CAN disputes the truth of the first claim. As for the second, "the free-speech chilling effect from Maine could be enormous, as their interpretation of state law could virtually outlaw any issue mentioning government officials without obtaining their prior written consent. As [CAN President Martin] Mawyer observes, 'Imagine not being able to criticize a public official without their express written permission or without any reference to them whatsoever.'"
As 50 percent of the surviving Fab Four, plus a knight of the realm, Sir Paul McCartney has an enormous responsibility to guide our lifestyle choices.
He recently has gone on a kick about meat (his first wife Linda also was known as an animal rights and vegetarian crusader), pushing for "Meat-Free Mondays" and citing a U.N. report that cows cause 18 percent of the worlds carbon emissions.
Michael Deacon of the Daily Telegraph, cheeky as only a Fleet Street reporter can be, explained that the reason is that "to put it plainly … cows break a stupendous volume of wind."
"Sir Paul's solution is that we eat less meat.… I fear there is a flaw to his logic. Because if we eat less meat, the cows will live, and thus continue blowing" methane into the atmosphere.
"The truth is, Sir Paul, that there is only one way to save our planet from these dangerous beasts: Kill them. … So let us rise as one and join the fight against climate change today: The farmers must keep slaughtering and the burger-bar customers must keep eating. The cycle must never stop, lest our toxic bovine foes overcome us," he concluded, tongue firmly in cheek.
Blinded by science
Remember how President Bush supposedly suppressed scientific findings in favor of ideologically predetermined conclusions?
Meet the new boss, same as the old boss, at least according to a little-noticed report at CBS News' technology site CNet late last week.
"The Environmental Protection Agency may have suppressed an internal report that was skeptical of claims about global warming, including whether carbon dioxide must be strictly regulated by the federal government, according to a series of newly disclosed e-mail messages," Declan McCullagh reports.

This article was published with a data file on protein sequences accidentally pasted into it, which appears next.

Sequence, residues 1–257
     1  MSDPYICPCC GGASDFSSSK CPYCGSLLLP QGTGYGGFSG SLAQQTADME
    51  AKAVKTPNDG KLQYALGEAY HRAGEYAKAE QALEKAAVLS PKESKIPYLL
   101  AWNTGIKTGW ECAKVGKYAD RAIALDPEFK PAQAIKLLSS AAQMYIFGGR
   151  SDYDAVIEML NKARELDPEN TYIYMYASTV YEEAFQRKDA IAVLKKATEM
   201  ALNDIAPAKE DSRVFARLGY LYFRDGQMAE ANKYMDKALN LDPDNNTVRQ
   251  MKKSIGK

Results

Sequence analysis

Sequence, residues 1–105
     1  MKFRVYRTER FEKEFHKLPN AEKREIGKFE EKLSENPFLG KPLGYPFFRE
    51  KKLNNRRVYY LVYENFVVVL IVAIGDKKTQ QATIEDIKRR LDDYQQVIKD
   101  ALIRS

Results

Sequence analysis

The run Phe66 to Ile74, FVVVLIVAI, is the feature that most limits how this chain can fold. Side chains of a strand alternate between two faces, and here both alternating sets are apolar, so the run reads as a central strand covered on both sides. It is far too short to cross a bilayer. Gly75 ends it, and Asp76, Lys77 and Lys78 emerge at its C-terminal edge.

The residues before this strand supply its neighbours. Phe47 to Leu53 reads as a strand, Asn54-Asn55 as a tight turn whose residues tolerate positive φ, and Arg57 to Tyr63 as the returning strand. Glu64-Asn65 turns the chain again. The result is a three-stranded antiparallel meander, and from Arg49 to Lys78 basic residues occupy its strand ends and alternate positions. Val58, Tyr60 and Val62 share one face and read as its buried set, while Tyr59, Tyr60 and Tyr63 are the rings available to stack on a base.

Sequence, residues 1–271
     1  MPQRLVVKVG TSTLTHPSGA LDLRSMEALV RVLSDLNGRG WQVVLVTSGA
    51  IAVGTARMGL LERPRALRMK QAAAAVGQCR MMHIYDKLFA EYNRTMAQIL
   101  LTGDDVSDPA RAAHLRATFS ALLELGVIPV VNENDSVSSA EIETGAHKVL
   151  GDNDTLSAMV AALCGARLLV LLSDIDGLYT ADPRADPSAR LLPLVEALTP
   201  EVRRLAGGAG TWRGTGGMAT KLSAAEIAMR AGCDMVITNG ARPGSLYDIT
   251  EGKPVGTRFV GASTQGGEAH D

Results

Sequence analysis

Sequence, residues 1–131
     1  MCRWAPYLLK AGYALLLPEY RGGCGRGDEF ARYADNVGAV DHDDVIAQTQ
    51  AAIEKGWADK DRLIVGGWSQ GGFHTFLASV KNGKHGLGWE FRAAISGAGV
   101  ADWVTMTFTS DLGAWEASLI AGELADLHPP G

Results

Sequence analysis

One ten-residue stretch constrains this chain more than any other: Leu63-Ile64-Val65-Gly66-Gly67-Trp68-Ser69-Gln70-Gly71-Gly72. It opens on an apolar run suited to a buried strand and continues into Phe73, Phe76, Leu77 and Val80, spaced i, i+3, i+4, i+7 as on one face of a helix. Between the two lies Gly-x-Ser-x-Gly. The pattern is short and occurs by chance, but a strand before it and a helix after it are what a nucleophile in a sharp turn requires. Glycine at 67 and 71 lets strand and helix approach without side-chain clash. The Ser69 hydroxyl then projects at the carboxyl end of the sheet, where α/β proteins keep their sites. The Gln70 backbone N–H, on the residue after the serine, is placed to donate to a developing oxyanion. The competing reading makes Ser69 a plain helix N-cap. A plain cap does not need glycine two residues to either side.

"Less than two weeks before the agency formally submitted its pro-regulation recommendation to the White House, an EPA center director quashed a 98-page report that warned against making hasty 'decisions based on a scientific hypothesis that does not appear to explain most of the available data.'
"The EPA official, Al McGartland, said in an e-mail to a staff researcher on March 17: 'The administrator and the administration have decided to move forward … and your comments do not help the legal or policy case for this decision,'" CNet reported.
"Alan Carlin, the primary author of the 98-page EPA report, said in a telephone interview on Friday that his boss, McGartland, was being pressured himself. 'It was his view that he either lost his job or he got me working on something else,' Carlin said. 'That was obviously coming from higher levels.'"
The EPA criticized as "entirely false" any "claims that this individual's opinions were not considered or studied."
The 98-page report is available online.